Talking to Bloomberg Politics managing editor Mark Halperin on Monday’s NBC Today, co-host Matt Lauer wondered if the shooting outside a Planned Parenthood facility in Colorado would hurt the GOP politically: “...does the attack take the issue of Planned Parenthood off the table for Republican candidates who don't want to be seen or don't want to risk taking advantage of a tragedy or being on the wrong side of a tragedy?”
Halperin agreed with Lauer’s assessment: “It certainly makes it harder to talk about it in political terms.” He added: “But look, Planned Parenthood, gun violence, ISIS, there's so many big serious issues in a presidential campaign that's been like a circus. Now we have to see how candidates finesse talking about serious things, even in the context of this race.”
Despite Lauer warning Republicans to be careful with their rhetoric, he acknowledged: “There is no proof that there was a motive on the part of the gunman that was related to any of the rhetoric we're hearing on the campaign trail...”
In a prior report, correspondent Kristen Welker declared:
While all of the Democratic candidates responded to the shooting the night it happened, condemning the violence and making it clear they stand by Planned Parenthood, many of the Republican candidates waited until Sunday to weigh in. For the GOP it's more complicated because their base is largely pro-life, so they chose their words carefully.
She noted that GOP 2016 candidates were “Condemning attack but stopping short of agreeing with critics, including the executives at Planned Parenthood, who say that fiery anti-abortion rhetoric contributed to the shooting.”
The Sunday talk shows on all three broadcast networks used the shooting to hammer the Republican contenders.
Here is a full transcript of Welker’s November 30 segment:
7:06 AM ET
MATT LAUER: That shooting is pushing the issues of Planned Parenthood and gun violence back into the forefront of the presidential race, as Republican front-runner Donald Trump faces fresh scrutiny over some of the controversial things he's been saying on the campaign trail. NBC's Kristen Welker has more on that. Hi, Kristen, good morning.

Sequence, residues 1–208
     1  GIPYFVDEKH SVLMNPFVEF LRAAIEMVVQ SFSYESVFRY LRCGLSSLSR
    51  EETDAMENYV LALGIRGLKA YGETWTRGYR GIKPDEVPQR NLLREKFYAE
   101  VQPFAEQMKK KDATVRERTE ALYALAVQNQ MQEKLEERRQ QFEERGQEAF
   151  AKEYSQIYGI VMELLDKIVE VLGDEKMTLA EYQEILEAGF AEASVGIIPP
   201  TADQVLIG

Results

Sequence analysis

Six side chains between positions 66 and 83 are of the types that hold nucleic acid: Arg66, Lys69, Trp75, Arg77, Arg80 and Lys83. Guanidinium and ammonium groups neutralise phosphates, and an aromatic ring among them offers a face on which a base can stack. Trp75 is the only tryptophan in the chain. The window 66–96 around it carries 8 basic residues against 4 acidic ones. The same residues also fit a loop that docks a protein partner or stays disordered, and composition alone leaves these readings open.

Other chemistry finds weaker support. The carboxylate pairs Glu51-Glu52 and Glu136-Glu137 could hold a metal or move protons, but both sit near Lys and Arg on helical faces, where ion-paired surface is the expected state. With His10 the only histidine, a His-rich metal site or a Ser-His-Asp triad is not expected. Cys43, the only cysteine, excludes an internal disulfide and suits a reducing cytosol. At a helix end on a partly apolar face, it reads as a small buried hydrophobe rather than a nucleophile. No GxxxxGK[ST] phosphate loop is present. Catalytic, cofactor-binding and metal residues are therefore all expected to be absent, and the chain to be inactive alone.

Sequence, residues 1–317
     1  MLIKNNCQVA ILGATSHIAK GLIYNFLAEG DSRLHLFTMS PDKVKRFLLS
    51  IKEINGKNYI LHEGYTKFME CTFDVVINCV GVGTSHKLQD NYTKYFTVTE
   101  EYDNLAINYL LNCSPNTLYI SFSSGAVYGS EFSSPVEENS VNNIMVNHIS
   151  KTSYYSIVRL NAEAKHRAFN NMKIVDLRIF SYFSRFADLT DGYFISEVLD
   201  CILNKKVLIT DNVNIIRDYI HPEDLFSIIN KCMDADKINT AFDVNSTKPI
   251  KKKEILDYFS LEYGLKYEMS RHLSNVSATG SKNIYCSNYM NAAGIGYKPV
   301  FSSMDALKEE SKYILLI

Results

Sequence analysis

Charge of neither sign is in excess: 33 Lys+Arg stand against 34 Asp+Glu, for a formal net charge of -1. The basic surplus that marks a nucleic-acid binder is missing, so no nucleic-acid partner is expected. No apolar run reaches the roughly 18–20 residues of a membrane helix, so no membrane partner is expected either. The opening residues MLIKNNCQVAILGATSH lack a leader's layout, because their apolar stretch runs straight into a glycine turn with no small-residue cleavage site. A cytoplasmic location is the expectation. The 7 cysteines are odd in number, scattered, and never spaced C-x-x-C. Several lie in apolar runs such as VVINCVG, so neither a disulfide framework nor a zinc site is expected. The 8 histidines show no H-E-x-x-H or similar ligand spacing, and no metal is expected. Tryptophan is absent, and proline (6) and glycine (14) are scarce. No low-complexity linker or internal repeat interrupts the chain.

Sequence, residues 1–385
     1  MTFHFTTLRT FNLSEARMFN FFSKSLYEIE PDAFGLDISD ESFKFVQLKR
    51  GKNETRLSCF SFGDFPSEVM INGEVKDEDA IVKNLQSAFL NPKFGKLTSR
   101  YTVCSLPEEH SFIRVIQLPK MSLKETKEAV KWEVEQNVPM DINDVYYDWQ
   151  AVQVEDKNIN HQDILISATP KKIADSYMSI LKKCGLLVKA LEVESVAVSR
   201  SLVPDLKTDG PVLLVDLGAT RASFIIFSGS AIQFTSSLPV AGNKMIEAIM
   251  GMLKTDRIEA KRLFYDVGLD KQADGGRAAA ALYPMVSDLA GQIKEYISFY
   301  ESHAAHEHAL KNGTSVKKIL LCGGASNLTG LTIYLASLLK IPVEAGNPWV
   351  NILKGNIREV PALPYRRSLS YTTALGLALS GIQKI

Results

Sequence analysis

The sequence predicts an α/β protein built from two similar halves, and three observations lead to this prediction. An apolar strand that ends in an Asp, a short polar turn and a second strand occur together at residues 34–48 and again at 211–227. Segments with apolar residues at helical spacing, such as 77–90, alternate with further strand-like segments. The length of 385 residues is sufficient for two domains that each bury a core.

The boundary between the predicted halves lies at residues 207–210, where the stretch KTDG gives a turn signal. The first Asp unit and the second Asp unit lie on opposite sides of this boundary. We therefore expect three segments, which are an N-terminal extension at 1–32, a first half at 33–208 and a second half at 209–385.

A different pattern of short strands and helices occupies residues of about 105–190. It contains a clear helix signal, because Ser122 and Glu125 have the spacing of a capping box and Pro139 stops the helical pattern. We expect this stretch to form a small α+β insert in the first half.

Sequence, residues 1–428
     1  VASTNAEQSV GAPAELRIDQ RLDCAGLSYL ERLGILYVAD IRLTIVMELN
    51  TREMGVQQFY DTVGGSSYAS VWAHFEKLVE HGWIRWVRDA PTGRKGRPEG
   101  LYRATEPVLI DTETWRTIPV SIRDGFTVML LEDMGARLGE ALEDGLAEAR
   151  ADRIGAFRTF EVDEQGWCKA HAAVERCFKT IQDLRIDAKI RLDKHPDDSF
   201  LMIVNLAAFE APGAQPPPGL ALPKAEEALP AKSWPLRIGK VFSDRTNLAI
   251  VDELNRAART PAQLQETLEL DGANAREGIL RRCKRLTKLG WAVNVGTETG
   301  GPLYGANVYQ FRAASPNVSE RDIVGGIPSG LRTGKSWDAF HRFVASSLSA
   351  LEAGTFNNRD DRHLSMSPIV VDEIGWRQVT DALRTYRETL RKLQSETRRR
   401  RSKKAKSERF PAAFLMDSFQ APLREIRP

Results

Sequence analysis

KRISTEN WELKER: Matt, good morning to you. That's right. The 2016 race is intensifying just as this debate surrounding Planned Parenthood is coming into sharper focus. While all of the Democratic candidates responded to the shooting the night it happened, condemning the violence and making it clear they stand by Planned Parenthood, many of the Republican candidates waited until Sunday to weigh in. For the GOP it's more complicated because their base is largely pro-life, so they chose their words carefully.
GOP candidates finally responding to the shootings of the Planned Parenthood facility in Colorado Springs.
CARLY FIORINA [FOX NEWS SUNDAY]: It's obviously a tragedy. Nothing justifies this.
WELKER: Condemning attack but stopping short of agreeing with critics, including the executives at Planned Parenthood, who say that fiery anti-abortion rhetoric contributed to the shooting.
FIORINA: This is so typical of the left to immediately begin demonizing a messenger because they don't agree with the message.
DONALD TRUMP [MEET THE PRESS]: There is a tremendous group of people that think it's terrible, all of the videos that they’ve seen, with some of these people from Planned Parenthood talking about it like you're selling parts to a car.
WELKER: Meanwhile, Donald Trump is also not backing down after repeatedly insisting he saw Muslims celebrating in New Jersey after 9/11.
[ON-SCREEN HEADLINE: Trump on the Trail & Under Fire; Sticks to 9/11 Story as Rivals Go on the Attack]
CHUCK TODD: This didn't happen in New Jersey. There were plenty of reports, and you're feeding a stereotype–
TRUMP: Chuck, it did happen in New Jersey. I have hundreds of people that agree with me and by the way, you–
TODD: But they want to agree with you, that doesn’t make it true.
WELKER: Trump also under fire for seeming to mock New York Times reporter Serge Kovaleski, who has a congenital joint condition, after Kovaleski challenged Trump's claims about 9/11. Over the weekend Trump again said he wasn't mocking the reporter.
TRUMP: He's using what he's got to such a horrible degree. I think it's disgraceful, and I think The New York Times frankly should give me an apology
WELKER: The New York Times isn't apologizing, and Trump's rivals aren't buying it.
GOV. JOHN KASICH [R-OH]: He's insulted other reporters, this one he absolutely mocked, who was disabled.
WELKER: And some candidates are showing new strength. Ted Cruz is now just two points behind Trump in Iowa and Chris Christie picked up a key endorsement from the influential New Hampshire Union Leader.
Meanwhile, Ben Carson visited Jordan this weekend, aiming to boost his foreign policy credentials after a series of blunders, including referring to some Syrian refugees as rabid dogs. On Sunday Carson said the refugees he met weren't offended.
BEN CARSON [MEET THE PRESS]: They understand here that we're talking about the jihadists, the Islamic terrorists.
WELKER: Meanwhile today, the Trump campaign is cancelling what was initially dubbed a news conference to announce the endorsement by about 100 black religious leaders after many announced they have no immediate plans to back him. Trump will still meet privately with those leaders and then head back out on the campaign trail, as will almost all of the other candidates. Matt, Savannah?
LAUER: Alright, Kristen Welker. Kristen, thank you very much.